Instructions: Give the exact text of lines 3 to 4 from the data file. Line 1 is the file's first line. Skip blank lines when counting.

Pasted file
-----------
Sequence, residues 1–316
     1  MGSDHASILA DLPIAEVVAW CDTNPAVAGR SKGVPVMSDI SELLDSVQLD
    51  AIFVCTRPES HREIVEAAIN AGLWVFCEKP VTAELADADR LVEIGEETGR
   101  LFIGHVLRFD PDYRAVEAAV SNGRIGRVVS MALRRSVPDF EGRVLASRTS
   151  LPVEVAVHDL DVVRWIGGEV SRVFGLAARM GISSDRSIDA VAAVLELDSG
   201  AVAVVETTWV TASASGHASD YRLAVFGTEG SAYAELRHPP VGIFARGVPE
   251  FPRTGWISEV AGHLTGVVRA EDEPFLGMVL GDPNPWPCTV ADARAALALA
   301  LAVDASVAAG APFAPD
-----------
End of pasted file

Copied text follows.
    51  AIFVCTRPES HREIVEAAIN AGLWVFCEKP VTAELADADR LVEIGEETGR
   101  LFIGHVLRFD PDYRAVEAAV SNGRIGRVVS MALRRSVPDF EGRVLASRTS